In the restaurant world foraging is the latest buzzword. I would love to get on a flight to Copenhagen to sample Rene Redzepi’s menu at Noma. However, I don’t think my kids would enjoy tasting deep fried moss or elderflower salad as much as I might. Since I’m always looking for ways to teach my kids about real food and food sources, we decided to do some foraging in our own backyard and see what we could find.
Our search began right on our front lawn where we harvested several acorns. Acorns can actually be ground into flour or used as nuts in cookies. But it was hard to find any that our neighborhood squirrels hadn’t already started eating. So we decided to branch out to some local walking trails to see if we could discover anything edible along the paths. There were several bushes growing berries but it seemed long past the season for any ripe fruit.
A few days later we were at a local park and looked up to find a tree filled with colorful berries. We excitedly picked a few and looked them up in our foraging book. Sure enough, we had stumbled upon a kousa dogwood tree. We tasted a bit of the orange flesh inside the tough exterior but the kids were put off by the small seeds and strange texture.
Next, I tried boiling the berries and used a mesh sieve to extract the juice, tossing the skin and seeds. I cooked the juice down with some sugar, cinnamon and lemon. The resulting “jam” was sticky, sweet and slightly bitter. Each of us tried a tiny bit but the verdict was lackluster:
Matthew (age 7): “Not good, too bitter, yuck”
Liam (age 5): “We found that in nature?”
Dylan (age 5): “Did I pick those? It’s not so bad”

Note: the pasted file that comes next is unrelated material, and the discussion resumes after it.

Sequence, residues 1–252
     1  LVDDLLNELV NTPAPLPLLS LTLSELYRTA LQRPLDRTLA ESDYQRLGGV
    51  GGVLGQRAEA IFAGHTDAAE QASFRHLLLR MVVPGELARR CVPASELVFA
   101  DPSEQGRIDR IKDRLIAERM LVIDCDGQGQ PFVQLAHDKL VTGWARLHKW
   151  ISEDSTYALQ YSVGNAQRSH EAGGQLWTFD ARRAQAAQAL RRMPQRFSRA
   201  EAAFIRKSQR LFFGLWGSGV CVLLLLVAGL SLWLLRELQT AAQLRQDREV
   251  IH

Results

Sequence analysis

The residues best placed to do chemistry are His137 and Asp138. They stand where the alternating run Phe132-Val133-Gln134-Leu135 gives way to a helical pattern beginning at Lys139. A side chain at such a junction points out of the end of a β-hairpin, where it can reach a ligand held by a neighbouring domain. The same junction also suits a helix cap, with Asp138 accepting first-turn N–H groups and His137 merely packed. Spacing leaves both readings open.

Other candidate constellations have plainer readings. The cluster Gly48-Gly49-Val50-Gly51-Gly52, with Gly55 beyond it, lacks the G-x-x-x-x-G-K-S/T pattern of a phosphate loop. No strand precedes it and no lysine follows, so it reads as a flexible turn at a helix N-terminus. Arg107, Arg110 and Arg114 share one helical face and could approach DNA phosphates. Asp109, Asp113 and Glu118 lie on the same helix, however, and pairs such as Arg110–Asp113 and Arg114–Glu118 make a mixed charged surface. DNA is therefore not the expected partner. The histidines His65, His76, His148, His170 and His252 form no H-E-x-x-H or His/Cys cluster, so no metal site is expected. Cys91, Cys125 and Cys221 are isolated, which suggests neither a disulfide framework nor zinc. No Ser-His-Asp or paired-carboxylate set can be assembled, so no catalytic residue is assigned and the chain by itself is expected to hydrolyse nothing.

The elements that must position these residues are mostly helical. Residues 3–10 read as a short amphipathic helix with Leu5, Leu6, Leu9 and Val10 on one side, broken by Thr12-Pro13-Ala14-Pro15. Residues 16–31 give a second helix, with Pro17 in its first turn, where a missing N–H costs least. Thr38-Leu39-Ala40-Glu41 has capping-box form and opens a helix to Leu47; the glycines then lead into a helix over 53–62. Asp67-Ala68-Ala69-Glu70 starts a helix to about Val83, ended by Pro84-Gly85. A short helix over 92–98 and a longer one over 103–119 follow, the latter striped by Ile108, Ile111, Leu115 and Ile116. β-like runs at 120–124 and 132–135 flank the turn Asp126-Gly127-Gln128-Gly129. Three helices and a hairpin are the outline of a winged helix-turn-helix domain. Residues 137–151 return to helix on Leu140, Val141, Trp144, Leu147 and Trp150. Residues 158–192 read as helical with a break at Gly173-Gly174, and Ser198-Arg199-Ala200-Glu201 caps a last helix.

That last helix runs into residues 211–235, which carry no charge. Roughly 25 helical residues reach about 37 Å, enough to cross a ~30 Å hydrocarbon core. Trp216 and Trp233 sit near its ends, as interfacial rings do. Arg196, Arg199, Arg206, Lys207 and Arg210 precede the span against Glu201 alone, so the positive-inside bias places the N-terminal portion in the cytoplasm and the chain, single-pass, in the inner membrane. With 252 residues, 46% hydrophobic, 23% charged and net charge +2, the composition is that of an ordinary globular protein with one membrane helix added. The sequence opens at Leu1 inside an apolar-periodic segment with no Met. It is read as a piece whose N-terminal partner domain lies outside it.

Then we made an unexpected discovery near New Rochelle H.S. where we encountered two women foraging for crab apples high up in trees along the walking path. They had amassed quite a few and generously offered us the largest and best of the bunch so the kids could try them. The apples were just as good as any we had ever picked in an orchard.
From there we made our annual trip to Wilken’s Farm where we foraged for more apples. Although we did have to pay for the privilege we decided picking fruit in an apple orchard could technically be called foraging as well. And the apple cider donuts were a well-deserved treat for our hard work.
A few rules for novice foragers:
– Consider foraging with an experienced guide or do your homework before you go.
– If you are not 100 percent certain of what you found – don’t eat it!
– Do not forage near busy roads, manufacturing plants or where people walk their dogs.
– Make sure your children know not to eat anything they find until you have identified it as safe.
– Steer clear of mushrooms, leave these to the experienced forager.
– Thoroughly wash any foraged foods before ingesting them. Boiling is even better.
Even if you don’t eat what you discover (looking is half the fun), foraging with your kids is a wonderful way to connect to nature. The processed food we eat today is so far removed from its original source. By seeking out some wild edibles you can teach your children that our food does not grow in fluorescent colors and is not from a box. You will be amazed by what you find growing right in your own backyard!